Xanax is an anti-anxiety and anti-panic medication that’s widely prescribed in the U.S., but unfortunately also commonly abused. Xanax is the brand name of the drug alprazolam, which was discovered by Upjohn Laboratories and first marketed to the public beginning in 1981.
Alprazolam was a revolutionary psychiatric drug when it was introduced because it was really the first of its kind that was marketed as a treatment for panic disorder. The developers of Xanax saw a void in the market, which is why they tailored the introduction of the drug to panic and anxiety treatment, as opposed to marketing it as an anti-depressant.
Today, Xanax is prescribed to tens of millions of people in the U.S. each year, and it’s often used by people who don’t have a prescription as well. It can be useful not just for generalized anxiety disorder and panic disorder, but also for the treatment of other issues like convulsions and insomnia.
Currently, the U.S. FDA classifies Xanax as a Schedule IV Controlled Substance. This means it’s defined as having a low potential for abuse, and other drugs in this FDA classification category include Klonopin, Valium, Ativan and other similar benzos.
Unfortunately, there has been a lot of controversy surrounding this classification of Xanax as a Schedule IV substance, because for decades there has been increasing research and evidence coming to light indicating there is actually a high potential for abuse and dependency.
Xanax, like other benzos, works on the brain and the central nervous system when someone takes it. It enhances the effects of a naturally-occurring chemical in the brain, GABA. It is intended to create a calming effect, but in some cases when someone first takes it, it can create a feeling of euphoria.
Xanax is intended to be used only in the short-term. It’s not like a SSRI, which is a drug that’s intended for long-term use, but unfortunately, the longer people use it, the more potential for abuse there is. It is also possible to become dependent or addicted to Xanax after only using it for a period of weeks. The Royal College of Psychiatrists also says that using benzos daily for six weeks or more results in dependency for four out of 10 users.
While Xanax can have a calming and sedative effect that users may find desirable, it can also have negative short-term side effects including slurred speech and decreased cognitive function.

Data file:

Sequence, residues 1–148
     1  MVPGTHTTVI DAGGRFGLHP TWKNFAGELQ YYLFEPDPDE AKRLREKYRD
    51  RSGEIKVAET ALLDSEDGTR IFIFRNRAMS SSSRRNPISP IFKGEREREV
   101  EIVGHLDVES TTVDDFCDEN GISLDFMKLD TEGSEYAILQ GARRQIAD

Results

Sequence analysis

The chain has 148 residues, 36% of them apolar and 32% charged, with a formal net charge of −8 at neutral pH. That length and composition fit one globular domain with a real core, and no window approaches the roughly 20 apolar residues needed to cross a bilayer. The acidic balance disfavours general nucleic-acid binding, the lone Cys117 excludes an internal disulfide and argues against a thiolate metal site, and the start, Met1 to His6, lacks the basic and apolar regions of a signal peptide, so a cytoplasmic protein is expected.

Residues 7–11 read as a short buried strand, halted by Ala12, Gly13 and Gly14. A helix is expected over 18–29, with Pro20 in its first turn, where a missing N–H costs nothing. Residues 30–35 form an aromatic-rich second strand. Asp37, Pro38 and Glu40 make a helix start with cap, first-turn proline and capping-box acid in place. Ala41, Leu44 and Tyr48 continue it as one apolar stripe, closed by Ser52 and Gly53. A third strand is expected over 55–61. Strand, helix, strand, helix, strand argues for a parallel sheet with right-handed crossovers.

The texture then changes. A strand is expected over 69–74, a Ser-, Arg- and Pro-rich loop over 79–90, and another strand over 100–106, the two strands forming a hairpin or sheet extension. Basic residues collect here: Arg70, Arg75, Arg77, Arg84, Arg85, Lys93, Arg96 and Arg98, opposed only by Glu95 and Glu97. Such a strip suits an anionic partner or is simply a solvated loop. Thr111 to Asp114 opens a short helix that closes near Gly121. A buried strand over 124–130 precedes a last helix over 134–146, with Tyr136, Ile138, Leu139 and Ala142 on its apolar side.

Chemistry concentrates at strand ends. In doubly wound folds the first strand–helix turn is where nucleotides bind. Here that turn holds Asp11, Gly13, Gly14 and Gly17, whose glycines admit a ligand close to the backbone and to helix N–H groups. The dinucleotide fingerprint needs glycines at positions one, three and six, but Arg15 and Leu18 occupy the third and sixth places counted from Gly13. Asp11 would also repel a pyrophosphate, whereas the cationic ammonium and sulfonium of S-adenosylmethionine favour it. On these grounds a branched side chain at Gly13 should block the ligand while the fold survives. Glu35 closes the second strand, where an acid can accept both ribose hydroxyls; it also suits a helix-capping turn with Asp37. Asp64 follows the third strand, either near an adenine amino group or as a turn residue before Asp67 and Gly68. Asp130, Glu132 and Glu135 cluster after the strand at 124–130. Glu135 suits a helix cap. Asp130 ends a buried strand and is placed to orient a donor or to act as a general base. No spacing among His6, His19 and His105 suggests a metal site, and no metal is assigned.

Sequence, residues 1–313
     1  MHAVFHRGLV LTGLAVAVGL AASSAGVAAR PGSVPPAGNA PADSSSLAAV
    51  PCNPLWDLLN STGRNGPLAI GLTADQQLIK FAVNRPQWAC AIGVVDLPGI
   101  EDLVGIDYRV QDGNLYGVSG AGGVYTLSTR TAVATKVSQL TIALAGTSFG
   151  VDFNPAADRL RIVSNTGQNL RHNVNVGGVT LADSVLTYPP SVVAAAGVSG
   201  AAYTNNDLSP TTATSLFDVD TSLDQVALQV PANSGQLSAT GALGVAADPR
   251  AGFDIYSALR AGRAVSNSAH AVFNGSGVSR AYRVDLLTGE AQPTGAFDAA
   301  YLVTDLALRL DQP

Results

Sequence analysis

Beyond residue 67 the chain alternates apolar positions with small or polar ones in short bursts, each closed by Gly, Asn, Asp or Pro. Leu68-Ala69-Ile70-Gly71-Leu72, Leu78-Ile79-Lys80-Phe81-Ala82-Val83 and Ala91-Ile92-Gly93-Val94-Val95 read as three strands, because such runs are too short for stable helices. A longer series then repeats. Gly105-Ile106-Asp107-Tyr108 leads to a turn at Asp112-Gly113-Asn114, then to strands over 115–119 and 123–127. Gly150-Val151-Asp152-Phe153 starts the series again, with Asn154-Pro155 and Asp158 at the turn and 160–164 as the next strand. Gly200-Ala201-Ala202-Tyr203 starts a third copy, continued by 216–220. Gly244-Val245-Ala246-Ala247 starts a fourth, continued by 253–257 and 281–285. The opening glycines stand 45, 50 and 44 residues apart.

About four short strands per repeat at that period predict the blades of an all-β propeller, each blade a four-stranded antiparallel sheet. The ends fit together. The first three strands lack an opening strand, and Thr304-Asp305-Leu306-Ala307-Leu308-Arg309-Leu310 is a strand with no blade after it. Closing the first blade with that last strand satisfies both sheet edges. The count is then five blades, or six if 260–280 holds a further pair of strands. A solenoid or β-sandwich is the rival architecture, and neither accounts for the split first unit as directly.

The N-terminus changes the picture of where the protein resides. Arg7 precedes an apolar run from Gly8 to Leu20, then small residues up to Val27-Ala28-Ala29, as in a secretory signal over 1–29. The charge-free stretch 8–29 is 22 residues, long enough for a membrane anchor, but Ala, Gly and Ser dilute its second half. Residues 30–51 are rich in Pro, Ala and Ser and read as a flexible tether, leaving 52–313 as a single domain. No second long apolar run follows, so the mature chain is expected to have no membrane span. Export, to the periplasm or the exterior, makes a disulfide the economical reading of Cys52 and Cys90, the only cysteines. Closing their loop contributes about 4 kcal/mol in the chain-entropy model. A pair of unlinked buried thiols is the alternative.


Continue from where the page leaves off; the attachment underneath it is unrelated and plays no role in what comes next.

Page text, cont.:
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Xanax also works quickly, which is another key thing to understand when exploring why Xanax is addictive. Typically drugs that have a fast onset period are more likely to lead to addiction and dependence than drugs such as SSRIs that have an uptake period to begin working. Xanax has a short half-life, so the maximum effects of the drug are felt relatively soon after taking it. That also tends to lead to a faster development of a tolerance for the drug, so a person may start taking larger doses or pairing it with other substances to continue seeing the desirable effects.
Because of the fact that Xanax is so widely available and accessible, it’s also often used by people who don’t have a prescription. It’s not a difficult to drug to get even without a prescription, and easy access also tends to explain not just why Xanax is addictive, but why its use has become so problematic. There are a reported six million Americans who said they took Xanax for non-medical reasons in 2016.
The next phase of Xanax addiction is dependence.
Dependence is one of the most critical steps to understand when exploring why Xanax is addictive. As someone develops a tolerance of Xanax, they will require larger doses to get the same effect. Then, their brain and body begin to adjust to the regular presence of Xanax. If that person were to suddenly stop using Xanax, they would experience withdrawal symptoms, which are indicative of physical dependence.
A psychological dependence to Xanax also develops, which includes drug cravings and continuing to use the drug even in the face of negative consequences and attempts to stop.
While Xanax may be classified as a Schedule IV drug, it’s important to understand why Xanax is addictive, and how it becomes something, you’re dependent on. Too many people aren’t aware of why Xanax is addictive, and that lack of information is often what contributes to a dangerous dependence or addiction.
If you or someone you know needs help stopping Xanax or another drug, The Recovery Village® can help. Our addiction professionals are experts in treating addiction to benzodiazepines, other substances and co-occurring mental health conditions. Call today to start the journey to recovery.
Medical Disclaimer: The Recovery Village aims to improve the quality of life for people struggling with a substance use or mental health disorder with fact-based content about the nature of behavioral health conditions, treatment options and their related outcomes. We publish material that is researched, cited, edited and reviewed by licensed medical professionals. The information we provide is not intended to be a substitute for professional medical advice, diagnosis or treatment. It should not be used in place of the advice of your physician or other qualified healthcare provider.